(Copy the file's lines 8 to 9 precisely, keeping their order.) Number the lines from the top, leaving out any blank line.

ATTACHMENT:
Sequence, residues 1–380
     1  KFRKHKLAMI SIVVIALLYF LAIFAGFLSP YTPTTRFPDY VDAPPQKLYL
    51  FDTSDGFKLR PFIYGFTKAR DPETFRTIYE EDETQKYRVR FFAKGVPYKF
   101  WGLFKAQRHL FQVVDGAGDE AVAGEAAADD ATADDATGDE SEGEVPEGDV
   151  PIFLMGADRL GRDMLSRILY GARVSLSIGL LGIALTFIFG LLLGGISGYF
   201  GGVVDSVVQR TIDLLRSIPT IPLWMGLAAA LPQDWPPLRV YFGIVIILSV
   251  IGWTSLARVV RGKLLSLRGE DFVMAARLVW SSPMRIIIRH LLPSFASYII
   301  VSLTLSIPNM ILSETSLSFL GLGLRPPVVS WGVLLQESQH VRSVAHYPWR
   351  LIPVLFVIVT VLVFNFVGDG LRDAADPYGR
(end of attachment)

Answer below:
   301  VSLTLSIPNM ILSETSLSFL GLGLRPPVVS WGVLLQESQH VRSVAHYPWR
   351  LIPVLFVIVT VLVFNFVGDG LRDAADPYGR